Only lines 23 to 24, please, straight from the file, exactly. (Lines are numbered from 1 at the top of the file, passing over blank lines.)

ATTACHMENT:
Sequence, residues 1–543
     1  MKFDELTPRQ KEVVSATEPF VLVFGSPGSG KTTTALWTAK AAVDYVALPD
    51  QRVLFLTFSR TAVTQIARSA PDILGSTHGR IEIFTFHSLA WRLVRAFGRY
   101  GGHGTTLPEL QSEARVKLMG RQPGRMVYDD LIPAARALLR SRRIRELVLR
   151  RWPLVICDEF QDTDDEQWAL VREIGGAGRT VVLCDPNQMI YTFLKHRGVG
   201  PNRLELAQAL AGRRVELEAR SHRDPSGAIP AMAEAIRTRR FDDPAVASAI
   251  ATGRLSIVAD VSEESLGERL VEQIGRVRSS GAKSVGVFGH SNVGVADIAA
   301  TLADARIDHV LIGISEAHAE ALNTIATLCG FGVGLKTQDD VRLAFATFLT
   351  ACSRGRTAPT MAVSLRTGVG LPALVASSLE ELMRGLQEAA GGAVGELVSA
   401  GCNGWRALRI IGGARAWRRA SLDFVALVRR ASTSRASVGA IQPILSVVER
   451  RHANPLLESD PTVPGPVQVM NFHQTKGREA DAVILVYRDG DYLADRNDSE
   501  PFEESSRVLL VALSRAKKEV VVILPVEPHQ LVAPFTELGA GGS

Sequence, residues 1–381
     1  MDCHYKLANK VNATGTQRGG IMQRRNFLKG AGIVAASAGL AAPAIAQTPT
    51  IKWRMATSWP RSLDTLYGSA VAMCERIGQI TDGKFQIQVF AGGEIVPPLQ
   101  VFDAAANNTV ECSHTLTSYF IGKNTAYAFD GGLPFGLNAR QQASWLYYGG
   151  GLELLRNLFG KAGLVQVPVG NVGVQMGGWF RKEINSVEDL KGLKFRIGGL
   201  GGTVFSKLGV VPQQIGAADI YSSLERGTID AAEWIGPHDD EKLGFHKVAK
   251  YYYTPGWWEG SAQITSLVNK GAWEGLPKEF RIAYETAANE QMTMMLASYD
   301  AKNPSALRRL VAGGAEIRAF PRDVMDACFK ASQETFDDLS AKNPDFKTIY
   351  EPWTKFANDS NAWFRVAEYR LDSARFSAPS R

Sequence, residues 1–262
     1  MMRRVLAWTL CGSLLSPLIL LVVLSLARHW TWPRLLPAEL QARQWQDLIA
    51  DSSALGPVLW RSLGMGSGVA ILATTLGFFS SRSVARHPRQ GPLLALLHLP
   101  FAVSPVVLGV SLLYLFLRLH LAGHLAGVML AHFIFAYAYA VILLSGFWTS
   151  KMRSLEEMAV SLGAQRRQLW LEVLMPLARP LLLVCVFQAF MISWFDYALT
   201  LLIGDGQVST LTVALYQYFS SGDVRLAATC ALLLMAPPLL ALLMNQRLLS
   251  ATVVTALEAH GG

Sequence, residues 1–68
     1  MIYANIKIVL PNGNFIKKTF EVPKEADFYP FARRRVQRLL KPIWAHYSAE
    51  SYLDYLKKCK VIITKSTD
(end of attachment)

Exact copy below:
     1  MMRRVLAWTL CGSLLSPLIL LVVLSLARHW TWPRLLPAEL QARQWQDLIA
    51  DSSALGPVLW RSLGMGSGVA ILATTLGFFS SRSVARHPRQ GPLLALLHLP